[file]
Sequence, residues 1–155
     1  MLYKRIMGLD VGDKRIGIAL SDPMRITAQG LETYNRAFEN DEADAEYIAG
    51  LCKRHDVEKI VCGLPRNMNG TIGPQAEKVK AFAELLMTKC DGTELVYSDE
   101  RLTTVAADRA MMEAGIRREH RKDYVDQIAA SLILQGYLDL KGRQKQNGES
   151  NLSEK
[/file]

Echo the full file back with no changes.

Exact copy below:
Sequence, residues 1–155
     1  MLYKRIMGLD VGDKRIGIAL SDPMRITAQG LETYNRAFEN DEADAEYIAG
    51  LCKRHDVEKI VCGLPRNMNG TIGPQAEKVK AFAELLMTKC DGTELVYSDE
   101  RLTTVAADRA MMEAGIRREH RKDYVDQIAA SLILQGYLDL KGRQKQNGES
   151  NLSEK